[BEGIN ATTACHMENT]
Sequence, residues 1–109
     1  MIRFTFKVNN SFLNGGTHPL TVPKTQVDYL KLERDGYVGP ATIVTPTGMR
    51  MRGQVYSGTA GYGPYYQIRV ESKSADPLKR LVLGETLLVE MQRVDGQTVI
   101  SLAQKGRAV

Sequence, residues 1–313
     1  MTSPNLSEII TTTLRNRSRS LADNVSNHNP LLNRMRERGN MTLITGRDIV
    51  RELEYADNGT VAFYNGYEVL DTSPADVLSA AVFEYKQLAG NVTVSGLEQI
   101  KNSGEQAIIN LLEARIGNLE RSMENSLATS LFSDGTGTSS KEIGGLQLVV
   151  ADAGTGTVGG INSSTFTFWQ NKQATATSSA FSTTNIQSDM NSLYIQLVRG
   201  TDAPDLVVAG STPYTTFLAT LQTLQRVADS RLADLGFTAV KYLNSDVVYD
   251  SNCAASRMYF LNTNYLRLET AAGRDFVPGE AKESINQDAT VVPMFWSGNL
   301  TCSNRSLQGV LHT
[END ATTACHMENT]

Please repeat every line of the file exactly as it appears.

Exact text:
Sequence, residues 1–109
     1  MIRFTFKVNN SFLNGGTHPL TVPKTQVDYL KLERDGYVGP ATIVTPTGMR
    51  MRGQVYSGTA GYGPYYQIRV ESKSADPLKR LVLGETLLVE MQRVDGQTVI
   101  SLAQKGRAV

Sequence, residues 1–313
     1  MTSPNLSEII TTTLRNRSRS LADNVSNHNP LLNRMRERGN MTLITGRDIV
    51  RELEYADNGT VAFYNGYEVL DTSPADVLSA AVFEYKQLAG NVTVSGLEQI
   101  KNSGEQAIIN LLEARIGNLE RSMENSLATS LFSDGTGTSS KEIGGLQLVV
   151  ADAGTGTVGG INSSTFTFWQ NKQATATSSA FSTTNIQSDM NSLYIQLVRG
   201  TDAPDLVVAG STPYTTFLAT LQTLQRVADS RLADLGFTAV KYLNSDVVYD
   251  SNCAASRMYF LNTNYLRLET AAGRDFVPGE AKESINQDAT VVPMFWSGNL
   301  TCSNRSLQGV LHT